After breaking with the editor of the Musees de families, Verne continued to develop his idea for a “novel of science,” which would incorporate science and geographical facts in a fictional story. In 1862, he sent his first such manuscript, Voyage en Ballon, to Pierre-Jules Hetzel, who published Balzac, Sand, Hugo, and many other well known authors. Hetzel had long been planning to launch a high-quality family magazine in which entertaining fiction would combine with scientific education. He recognized Verne’s talent in this area, and in January of 1863 the story “Five Weeks in a Balloon” was published by Hetzel.
Verne’s habit of researching everything he wrote as completely as he could meant his work was based in reality. His goal was to “depict the earth [and] at the same time to realize a very high ideal of beauty of style”.
Later in 1863, Verne had written a novel called Paris in the Twentieth Century, about a young man who lives in a world of glass skyscrapers, high-speed trains, gas-powered automobiles, calculators, and a worldwide communications network, yet he cannot find happiness and comes to a tragic end. Hetzel thought the novel’s pessimism would damage Verne’s then-blossoming career, and suggested that he wait 20 years to publish it. Verne stored the manuscript in a safe, where it was discovered by his great-grandson in 1989. The long-lost novel was first published in 1994, around the same time many other Verne novels and short stories were also published for the first time; these are gradually appearing in English translations.
Due to the popularity of Verne’s plays and novels, his literary reputation gradually was reduced among his peers, until he was seen as a mere spinner of yarns, and not a serious author worthy of academic study. After his death in March of 1905, Verne began to accrue a cult following in his homeland, especially among the surrealist and avant-garde artists of the time.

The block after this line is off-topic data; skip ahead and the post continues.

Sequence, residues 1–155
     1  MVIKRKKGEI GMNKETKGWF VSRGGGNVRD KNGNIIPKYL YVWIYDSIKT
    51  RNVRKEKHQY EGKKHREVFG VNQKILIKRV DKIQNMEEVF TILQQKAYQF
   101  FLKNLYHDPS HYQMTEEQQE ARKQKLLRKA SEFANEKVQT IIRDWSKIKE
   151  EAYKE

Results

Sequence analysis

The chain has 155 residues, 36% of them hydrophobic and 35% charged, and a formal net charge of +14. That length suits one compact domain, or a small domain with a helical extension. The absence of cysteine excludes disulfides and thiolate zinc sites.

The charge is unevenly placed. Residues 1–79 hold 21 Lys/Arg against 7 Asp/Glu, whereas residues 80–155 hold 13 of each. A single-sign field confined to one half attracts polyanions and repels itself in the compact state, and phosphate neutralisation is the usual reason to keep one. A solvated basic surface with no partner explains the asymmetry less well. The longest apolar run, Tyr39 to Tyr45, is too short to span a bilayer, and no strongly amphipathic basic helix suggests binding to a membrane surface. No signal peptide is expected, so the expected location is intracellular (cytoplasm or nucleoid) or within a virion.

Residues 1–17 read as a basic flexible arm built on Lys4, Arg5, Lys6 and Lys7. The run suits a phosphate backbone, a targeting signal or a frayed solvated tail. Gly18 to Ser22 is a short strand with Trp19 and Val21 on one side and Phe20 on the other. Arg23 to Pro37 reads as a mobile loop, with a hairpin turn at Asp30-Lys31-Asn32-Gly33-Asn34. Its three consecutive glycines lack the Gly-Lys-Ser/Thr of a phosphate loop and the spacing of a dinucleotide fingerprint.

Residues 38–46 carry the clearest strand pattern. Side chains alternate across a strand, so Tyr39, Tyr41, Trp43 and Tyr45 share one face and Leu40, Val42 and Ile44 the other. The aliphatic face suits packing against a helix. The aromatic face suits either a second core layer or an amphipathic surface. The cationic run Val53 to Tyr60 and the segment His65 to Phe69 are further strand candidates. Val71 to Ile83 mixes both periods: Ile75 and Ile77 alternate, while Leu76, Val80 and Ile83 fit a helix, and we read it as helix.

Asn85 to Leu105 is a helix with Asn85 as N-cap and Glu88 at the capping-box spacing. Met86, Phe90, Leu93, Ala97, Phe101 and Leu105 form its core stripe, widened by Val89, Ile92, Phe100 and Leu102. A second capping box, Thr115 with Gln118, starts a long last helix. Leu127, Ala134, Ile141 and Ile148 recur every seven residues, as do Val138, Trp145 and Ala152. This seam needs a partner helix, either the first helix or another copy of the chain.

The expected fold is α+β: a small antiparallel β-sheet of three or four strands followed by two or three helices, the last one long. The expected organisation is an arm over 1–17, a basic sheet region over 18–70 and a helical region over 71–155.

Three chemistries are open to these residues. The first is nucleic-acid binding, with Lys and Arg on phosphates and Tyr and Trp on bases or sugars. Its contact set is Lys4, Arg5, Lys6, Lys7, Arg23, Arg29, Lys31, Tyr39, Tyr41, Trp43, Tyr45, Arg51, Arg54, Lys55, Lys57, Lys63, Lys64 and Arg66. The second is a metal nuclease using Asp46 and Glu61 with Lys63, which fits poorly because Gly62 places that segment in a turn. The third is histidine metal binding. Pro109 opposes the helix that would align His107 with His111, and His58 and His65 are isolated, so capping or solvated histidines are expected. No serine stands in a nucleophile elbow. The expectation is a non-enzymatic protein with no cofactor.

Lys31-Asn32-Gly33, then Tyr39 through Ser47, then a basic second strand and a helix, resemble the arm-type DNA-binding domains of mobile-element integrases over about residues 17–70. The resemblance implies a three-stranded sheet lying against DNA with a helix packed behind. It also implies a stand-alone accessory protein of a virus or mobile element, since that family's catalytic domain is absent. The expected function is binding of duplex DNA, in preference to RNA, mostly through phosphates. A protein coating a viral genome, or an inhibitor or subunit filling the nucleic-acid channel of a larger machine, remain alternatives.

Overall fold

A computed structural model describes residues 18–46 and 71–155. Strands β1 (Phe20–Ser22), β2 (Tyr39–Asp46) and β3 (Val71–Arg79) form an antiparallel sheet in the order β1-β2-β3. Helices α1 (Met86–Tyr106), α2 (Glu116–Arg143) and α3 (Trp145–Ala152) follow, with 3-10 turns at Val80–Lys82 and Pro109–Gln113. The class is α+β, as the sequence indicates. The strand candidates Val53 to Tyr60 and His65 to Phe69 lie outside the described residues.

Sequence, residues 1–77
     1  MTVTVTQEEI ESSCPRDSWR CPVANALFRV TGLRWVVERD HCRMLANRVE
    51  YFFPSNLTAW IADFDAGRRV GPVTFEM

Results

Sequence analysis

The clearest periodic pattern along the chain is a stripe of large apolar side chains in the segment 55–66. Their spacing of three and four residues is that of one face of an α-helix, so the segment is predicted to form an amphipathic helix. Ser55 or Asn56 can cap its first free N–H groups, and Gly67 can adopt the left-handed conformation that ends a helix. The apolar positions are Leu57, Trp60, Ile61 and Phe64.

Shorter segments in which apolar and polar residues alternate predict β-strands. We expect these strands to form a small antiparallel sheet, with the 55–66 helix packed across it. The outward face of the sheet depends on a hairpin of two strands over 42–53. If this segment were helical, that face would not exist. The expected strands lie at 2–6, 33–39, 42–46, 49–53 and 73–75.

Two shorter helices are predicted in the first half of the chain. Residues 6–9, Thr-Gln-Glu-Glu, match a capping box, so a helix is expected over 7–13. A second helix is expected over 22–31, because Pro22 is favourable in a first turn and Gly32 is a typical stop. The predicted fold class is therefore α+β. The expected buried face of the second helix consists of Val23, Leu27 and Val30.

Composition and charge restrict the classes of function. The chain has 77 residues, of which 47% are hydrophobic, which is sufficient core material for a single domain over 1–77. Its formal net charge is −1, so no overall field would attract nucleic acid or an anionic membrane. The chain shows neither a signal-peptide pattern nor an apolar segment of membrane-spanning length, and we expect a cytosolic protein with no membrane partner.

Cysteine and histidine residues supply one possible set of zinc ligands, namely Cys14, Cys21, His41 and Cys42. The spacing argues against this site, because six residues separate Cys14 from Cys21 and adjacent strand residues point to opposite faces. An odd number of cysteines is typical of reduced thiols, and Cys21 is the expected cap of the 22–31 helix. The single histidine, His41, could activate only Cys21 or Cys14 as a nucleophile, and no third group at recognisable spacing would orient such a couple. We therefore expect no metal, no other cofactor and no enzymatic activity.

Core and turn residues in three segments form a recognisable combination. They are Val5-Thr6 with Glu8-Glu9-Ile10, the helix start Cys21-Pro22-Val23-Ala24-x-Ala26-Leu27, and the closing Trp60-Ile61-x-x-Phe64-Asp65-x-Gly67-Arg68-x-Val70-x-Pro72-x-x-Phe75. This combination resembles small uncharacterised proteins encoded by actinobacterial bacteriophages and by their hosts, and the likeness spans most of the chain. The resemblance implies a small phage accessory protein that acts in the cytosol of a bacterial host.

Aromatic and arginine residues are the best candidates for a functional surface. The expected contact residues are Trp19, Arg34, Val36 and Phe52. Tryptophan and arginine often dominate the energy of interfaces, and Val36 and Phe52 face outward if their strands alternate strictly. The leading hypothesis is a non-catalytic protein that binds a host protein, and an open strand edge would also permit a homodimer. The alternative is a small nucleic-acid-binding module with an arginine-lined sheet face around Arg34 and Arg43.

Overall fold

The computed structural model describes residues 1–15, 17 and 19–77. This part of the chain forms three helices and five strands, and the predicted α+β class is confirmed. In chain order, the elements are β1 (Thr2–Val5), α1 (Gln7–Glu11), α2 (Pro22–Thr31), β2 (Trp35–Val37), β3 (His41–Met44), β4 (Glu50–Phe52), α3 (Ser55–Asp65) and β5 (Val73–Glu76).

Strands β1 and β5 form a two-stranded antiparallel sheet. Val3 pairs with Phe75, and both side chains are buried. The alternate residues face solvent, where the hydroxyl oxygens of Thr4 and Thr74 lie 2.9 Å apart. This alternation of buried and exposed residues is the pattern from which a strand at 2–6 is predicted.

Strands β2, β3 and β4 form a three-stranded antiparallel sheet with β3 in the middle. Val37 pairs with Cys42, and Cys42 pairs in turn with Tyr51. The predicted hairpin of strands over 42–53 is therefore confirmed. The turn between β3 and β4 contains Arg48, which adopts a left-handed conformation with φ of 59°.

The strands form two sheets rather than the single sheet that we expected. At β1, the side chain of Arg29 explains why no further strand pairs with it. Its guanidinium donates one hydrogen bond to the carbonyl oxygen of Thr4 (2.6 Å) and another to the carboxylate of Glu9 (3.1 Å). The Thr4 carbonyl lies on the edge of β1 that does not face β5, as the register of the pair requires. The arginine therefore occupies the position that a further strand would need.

Despite Verne’s statements that he was not a scientist and did not invent anything, his work has inspired many scientists and inventors, from Robert Goddard to Igor Sikorsky, even Jacques Cousteau. His ability to create entertaining and wonderful tales about mysterious far off places while infusing them with actual scientific and geographical information definitely qualifies him as one of the earliest writers of true science fiction.
Today, Jules Verne is the second most translated author in the world, between Agatha Christie and William Shakespeare. In the 1960’s and 1970’s, Jules Verne may have been the most translated author in the world. In the past, his works were adulterated and watered down to a level that publishers thought children would understand and relate to. Many of us as children have read (or watched movies based on) the works of Jules Verne. However, the unabridged versions of his works are more suited to adults, with the full weight of his scientific research intact. If you can find newer, complete translation of his works, treat yourself to an entirely new Jules Verne!